to be a “home for all,” rather than overly focusing on a handful of social issues.
In a sense, the gambit by the US Bishops reflects the political divide that exists among their dwindling flock of parishioners. Like Pope Francis, Biden appears to be less concerned with the personal moralities of gender identity and reproductive choice than with the collective moralities of social inequality and climate change. (In that sense, both men have more in common with liberation theology than they do with the deeply conservative era of John Paul II.) Thankfully, access to the Eucharist won’t be an immediate problem for Biden. After it is drafted, the Bishops’ statement must be approved by the same group by a two thirds margin, and – in all probability – the Vatican would need to have approved the statement’s doctrinal soundness beforehand. Room for delay, and for compromise.
Usefully for right wing political strategists though, the issue may still be able to be re-packaged as a conscience decision for Catholic voters, before the midterm elections next year. Point achieved, if the conservative right can query Biden’s moral authority by alleging that he is out of step with the Church’s traditional teachings on the polarising /mobilising issue of abortion.
Footnote: As Vox News noted, US politicians who support the death penalty have never been similarly threatened by the US Bishops for flouting the Church’s clear opposition to executions. This opposition was re-stated by Pope Francis in an encyclical called Fratelli Tutti last October, in which Francis formally closed all of the loopholes, and ruled out any exceptions to the moral ban on the death penalty. Among the prominent US Catholics that this ban should place in a position of ethical conflict would be Texas governor Greg Abbott and conservative Supreme Court justices John Roberts, Samuel Alito, Clarence Thomas, Brett Kavanaugh, and Amy Coney Barrett. Unfortunately… of the names on that list, only Abbott can be held accountable by the voters.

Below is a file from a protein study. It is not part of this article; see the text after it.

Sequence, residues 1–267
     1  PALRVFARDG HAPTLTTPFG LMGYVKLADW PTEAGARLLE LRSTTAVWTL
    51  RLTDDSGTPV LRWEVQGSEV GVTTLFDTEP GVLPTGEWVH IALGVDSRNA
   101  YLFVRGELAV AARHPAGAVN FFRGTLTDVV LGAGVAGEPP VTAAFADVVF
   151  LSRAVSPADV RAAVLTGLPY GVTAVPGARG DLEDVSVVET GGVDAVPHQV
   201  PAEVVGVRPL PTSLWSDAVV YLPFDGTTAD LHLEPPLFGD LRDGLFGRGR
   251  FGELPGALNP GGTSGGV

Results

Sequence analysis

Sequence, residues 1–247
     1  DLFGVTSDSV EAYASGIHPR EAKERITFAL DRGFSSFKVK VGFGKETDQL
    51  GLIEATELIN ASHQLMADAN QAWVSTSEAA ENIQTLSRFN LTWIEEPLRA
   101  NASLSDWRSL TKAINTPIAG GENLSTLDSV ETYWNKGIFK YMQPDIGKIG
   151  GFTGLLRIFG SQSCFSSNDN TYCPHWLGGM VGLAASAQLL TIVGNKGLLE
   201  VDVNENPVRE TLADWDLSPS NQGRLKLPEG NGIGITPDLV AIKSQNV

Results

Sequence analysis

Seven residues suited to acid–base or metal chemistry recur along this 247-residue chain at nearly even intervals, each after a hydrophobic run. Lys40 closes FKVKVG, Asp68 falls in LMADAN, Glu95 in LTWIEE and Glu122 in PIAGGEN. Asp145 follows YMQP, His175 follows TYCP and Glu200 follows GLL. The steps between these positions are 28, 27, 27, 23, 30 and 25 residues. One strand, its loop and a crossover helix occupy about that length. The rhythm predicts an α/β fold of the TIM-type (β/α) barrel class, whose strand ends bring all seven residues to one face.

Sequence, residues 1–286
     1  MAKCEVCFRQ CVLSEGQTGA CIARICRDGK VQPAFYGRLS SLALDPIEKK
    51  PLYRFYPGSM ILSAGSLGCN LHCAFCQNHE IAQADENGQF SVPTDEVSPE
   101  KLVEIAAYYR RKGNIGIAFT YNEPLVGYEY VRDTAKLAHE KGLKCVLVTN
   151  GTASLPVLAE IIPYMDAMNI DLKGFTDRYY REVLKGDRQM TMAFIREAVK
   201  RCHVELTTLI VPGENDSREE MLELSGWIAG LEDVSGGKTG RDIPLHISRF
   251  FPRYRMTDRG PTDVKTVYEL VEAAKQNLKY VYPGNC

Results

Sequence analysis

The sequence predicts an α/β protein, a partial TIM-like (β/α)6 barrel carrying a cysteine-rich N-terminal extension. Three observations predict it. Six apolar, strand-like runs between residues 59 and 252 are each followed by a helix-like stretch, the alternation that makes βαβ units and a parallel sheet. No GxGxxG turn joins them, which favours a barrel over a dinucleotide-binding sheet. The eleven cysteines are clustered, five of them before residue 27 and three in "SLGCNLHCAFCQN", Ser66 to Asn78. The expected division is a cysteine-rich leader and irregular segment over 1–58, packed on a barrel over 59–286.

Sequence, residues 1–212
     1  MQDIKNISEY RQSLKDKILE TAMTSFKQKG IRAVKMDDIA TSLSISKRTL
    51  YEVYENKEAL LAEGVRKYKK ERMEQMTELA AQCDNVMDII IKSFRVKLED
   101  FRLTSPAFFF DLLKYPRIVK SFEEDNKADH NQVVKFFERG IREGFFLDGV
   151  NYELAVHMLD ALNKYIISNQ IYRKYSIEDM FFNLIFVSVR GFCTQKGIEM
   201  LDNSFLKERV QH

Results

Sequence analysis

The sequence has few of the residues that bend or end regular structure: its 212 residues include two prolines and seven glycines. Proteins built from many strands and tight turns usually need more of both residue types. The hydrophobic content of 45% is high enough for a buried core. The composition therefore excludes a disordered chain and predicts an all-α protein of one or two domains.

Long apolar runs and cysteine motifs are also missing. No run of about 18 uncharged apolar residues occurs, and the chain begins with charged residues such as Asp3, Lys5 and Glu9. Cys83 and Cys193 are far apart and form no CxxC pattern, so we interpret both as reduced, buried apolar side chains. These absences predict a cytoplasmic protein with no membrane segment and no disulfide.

Footnote: Abortion is on track to become central to the political culture wars in the US, given that the Supreme Court has agreed to hear a case during this term that could well overturn the Roe v Wade decision that – in 1973 – established the legal right of US women to abortion. True, you could well think that Roe v Wade isn’t offering much of a guarantee anymore, anyway – given how many restrictions that anti-abortion state legislatures have put on abortion facilities and (b) given the recent passage by several states of so called “fetal heartbeat” laws:
Texas Gov. Greg Abbott on Wednesday signed a bill that would ban abortions as soon as a fetal heartbeat can be detected. That’s as early as six weeks’ gestation, before many people know they are pregnant, making the bill a de facto ban on nearly all abortions. The law contains an exception for medical emergencies, but no exceptions for cases of rape or incest.
To date, eight states have passed ‘heartbeat’ laws. (These restrict abortions to only two weeks after a period has been missed.) None of those laws have yet come into effect though, because…they’ve faced court challenges because they run so directly counter to Roe v. Wade. Not perhaps, for much longer. Besides, as the Texas Tribune recently reported, the Texas law also contains a cunning formula for neutralising the protections contained in Roe v Wade.
Instead of having the government enforce the law, the [Texas law] turns the reins over to private citizens — who are newly empowered to sue abortion providers or anyone who helps someone get an abortion after a fetal heartbeat has been detected. The person would not have to be connected to someone who had an abortion or to a provider to sue. Proponents of the new law hope to get around the legal challenges that have tied up abortion restrictions in the courts. While abortion providers typically sue the state to stop a restrictive abortion law from taking effect, there’s no state official enforcing Senate Bill 8 — so there’s no one to sue, the bill’s proponents say.
Regardless, anti-abortion activists are looking to the Supreme Court and its 6-3 conservative majority to overturn Roe v Wade anyway. That opportunity will arise when the Court rules later this year on a Mississippi state law banning all abortions after 15 weeks.